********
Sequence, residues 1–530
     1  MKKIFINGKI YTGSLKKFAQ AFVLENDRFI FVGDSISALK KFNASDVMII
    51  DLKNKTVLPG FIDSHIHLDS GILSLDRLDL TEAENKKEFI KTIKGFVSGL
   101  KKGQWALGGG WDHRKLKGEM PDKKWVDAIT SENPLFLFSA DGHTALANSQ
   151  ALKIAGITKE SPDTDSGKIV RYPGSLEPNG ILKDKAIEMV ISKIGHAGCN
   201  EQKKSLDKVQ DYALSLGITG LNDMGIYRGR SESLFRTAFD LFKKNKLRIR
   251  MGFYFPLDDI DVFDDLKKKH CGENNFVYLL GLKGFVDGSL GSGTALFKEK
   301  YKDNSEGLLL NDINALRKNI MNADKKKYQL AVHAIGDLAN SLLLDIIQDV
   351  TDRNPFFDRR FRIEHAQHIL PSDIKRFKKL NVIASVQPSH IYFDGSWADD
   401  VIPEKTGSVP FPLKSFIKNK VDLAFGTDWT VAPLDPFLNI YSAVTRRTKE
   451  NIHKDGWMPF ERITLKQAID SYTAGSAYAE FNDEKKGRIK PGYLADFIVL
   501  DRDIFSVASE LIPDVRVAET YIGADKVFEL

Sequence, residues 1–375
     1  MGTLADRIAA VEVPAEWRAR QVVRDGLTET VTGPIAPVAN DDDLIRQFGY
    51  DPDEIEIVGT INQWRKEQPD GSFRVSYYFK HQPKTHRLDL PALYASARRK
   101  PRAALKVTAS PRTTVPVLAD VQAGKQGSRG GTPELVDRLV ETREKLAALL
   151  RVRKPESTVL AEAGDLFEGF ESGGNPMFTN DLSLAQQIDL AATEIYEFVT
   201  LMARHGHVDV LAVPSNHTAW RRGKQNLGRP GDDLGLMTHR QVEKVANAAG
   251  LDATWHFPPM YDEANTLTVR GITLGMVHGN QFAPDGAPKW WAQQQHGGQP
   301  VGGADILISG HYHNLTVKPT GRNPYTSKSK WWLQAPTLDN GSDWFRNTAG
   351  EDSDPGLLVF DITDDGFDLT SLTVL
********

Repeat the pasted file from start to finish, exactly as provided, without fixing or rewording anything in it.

Sequence, residues 1–530
     1  MKKIFINGKI YTGSLKKFAQ AFVLENDRFI FVGDSISALK KFNASDVMII
    51  DLKNKTVLPG FIDSHIHLDS GILSLDRLDL TEAENKKEFI KTIKGFVSGL
   101  KKGQWALGGG WDHRKLKGEM PDKKWVDAIT SENPLFLFSA DGHTALANSQ
   151  ALKIAGITKE SPDTDSGKIV RYPGSLEPNG ILKDKAIEMV ISKIGHAGCN
   201  EQKKSLDKVQ DYALSLGITG LNDMGIYRGR SESLFRTAFD LFKKNKLRIR
   251  MGFYFPLDDI DVFDDLKKKH CGENNFVYLL GLKGFVDGSL GSGTALFKEK
   301  YKDNSEGLLL NDINALRKNI MNADKKKYQL AVHAIGDLAN SLLLDIIQDV
   351  TDRNPFFDRR FRIEHAQHIL PSDIKRFKKL NVIASVQPSH IYFDGSWADD
   401  VIPEKTGSVP FPLKSFIKNK VDLAFGTDWT VAPLDPFLNI YSAVTRRTKE
   451  NIHKDGWMPF ERITLKQAID SYTAGSAYAE FNDEKKGRIK PGYLADFIVL
   501  DRDIFSVASE LIPDVRVAET YIGADKVFEL

Sequence, residues 1–375
     1  MGTLADRIAA VEVPAEWRAR QVVRDGLTET VTGPIAPVAN DDDLIRQFGY
    51  DPDEIEIVGT INQWRKEQPD GSFRVSYYFK HQPKTHRLDL PALYASARRK
   101  PRAALKVTAS PRTTVPVLAD VQAGKQGSRG GTPELVDRLV ETREKLAALL
   151  RVRKPESTVL AEAGDLFEGF ESGGNPMFTN DLSLAQQIDL AATEIYEFVT
   201  LMARHGHVDV LAVPSNHTAW RRGKQNLGRP GDDLGLMTHR QVEKVANAAG
   251  LDATWHFPPM YDEANTLTVR GITLGMVHGN QFAPDGAPKW WAQQQHGGQP
   301  VGGADILISG HYHNLTVKPT GRNPYTSKSK WWLQAPTLDN GSDWFRNTAG
   351  EDSDPGLLVF DITDDGFDLT SLTVL